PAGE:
An Ebola vaccine is currently undergoing human trials in Canada. The vaccine has reportedly shown a success rate of 100 percent in animals. The Ebola trial is reportedly moving at "unprecedented speed" according to Canada's Health Minister Rona Ambrose. As previously reported by The Inquisitr, the United States National Institutes of Health (NIH) claims they could have developed a vaccine by now if the sequester had not occurred and their budget had not been limited. The NIH budget grew by $1 billion in fiscal year 2014.
"We are able to share some very promising and hopeful news in the fight against Ebola," Health Minister Rona Ambrose stated during a joint news conference with Canada's chief medical health officer Dr. Gregory Taylor. The Ebola vaccine was developed by scientists working for the Public Health Agency of Canada's National Microbiology Laboratory in Winnipeg. The vaccine will be tested on 20 healthy volunteers at the Walter Reed Army Institute of Research in Silver Springs, Maryland. "This provides hope because if the Canadian vaccine is shown to be safe and effective [in humans], it will stop this devastating outbreak," Ambrose added.
The Ebola outbreak has been deemed the "most severe acute health emergency in modern times" by the World Health Organization (WHO). More than 4,000 people have died from the virus in recent months. The Ebola vaccine trials are reportedly focusing on the safety of the treatment and determining the proper dosage needed to fight the deadly virus. The first results from the Ebola clinical trials are not expected to be revealed until December. If the Ebola vaccine trials are a success, the scientists will then embark upon testing with a larger human sample. The prospective clinical trial volunteers could include health workers in Africa who deal directly with Ebola patients on a routine basis.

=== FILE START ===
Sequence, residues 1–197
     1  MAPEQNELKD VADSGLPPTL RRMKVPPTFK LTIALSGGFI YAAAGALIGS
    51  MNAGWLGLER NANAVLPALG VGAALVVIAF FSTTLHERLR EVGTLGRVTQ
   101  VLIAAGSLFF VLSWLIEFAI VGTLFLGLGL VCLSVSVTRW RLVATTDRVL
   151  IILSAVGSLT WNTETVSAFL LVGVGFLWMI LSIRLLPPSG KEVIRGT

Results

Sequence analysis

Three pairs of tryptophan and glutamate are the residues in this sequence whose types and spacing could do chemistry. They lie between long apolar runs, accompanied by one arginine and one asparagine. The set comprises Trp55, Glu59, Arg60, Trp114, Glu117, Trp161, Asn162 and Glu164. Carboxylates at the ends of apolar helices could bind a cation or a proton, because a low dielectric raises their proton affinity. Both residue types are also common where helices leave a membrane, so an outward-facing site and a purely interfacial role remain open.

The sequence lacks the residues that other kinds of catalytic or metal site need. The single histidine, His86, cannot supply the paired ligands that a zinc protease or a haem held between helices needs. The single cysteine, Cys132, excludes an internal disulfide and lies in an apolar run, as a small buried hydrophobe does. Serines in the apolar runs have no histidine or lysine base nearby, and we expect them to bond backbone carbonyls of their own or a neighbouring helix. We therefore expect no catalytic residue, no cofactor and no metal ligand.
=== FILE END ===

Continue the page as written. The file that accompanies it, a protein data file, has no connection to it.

Although many view the Ebola vaccine trials as a positive endeavor, there are detractors. Some critics of the process are reportedly upset that the potentially life-saving vaccine has been simply sitting in a Winnipeg medical storage facility instead of being handed out in West Africa. A website reportedly affiliated with the journal Science claims that the distribution delay may have been prompted by NewLink Genetics being concerned about "losing control" of the development of the Ebola vaccine.
Canada has promised to deliver 1,000 doses of the Ebola vaccine to the World Health Organization when the clinical trials process has completed. Additional clinical trials for an Ebola vaccine are currently ongoing elsewhere in Canada, Europe, and Africa. "Due partly to liability concerns, the approval of a new drug or vaccine for human use proceeds at a snail's pace. In order to effectively control Ebola, however, human trials should be conducted as soon as possible in the region most hard hit by the epidemic, that is, West Africa, and not in Maryland. Thousands of lives could be saved if the vaccine is tested on what I expect would be the many willing volunteers there," Dr. Joe Alton told The Inquisitr.
The Canadian government currently owns the intellectual property rights to the Ebola vaccine but has licensed the rights to NewLink Genetics, a small biotech company in the United States, through its wholly owned subsidiary, BioProtection Systems. The United States Defense Threat Reduction Agency, a division of the Defense Department, is reportedly working with BioProtection Systems to further the development of the Ebola vaccine for use in humans.
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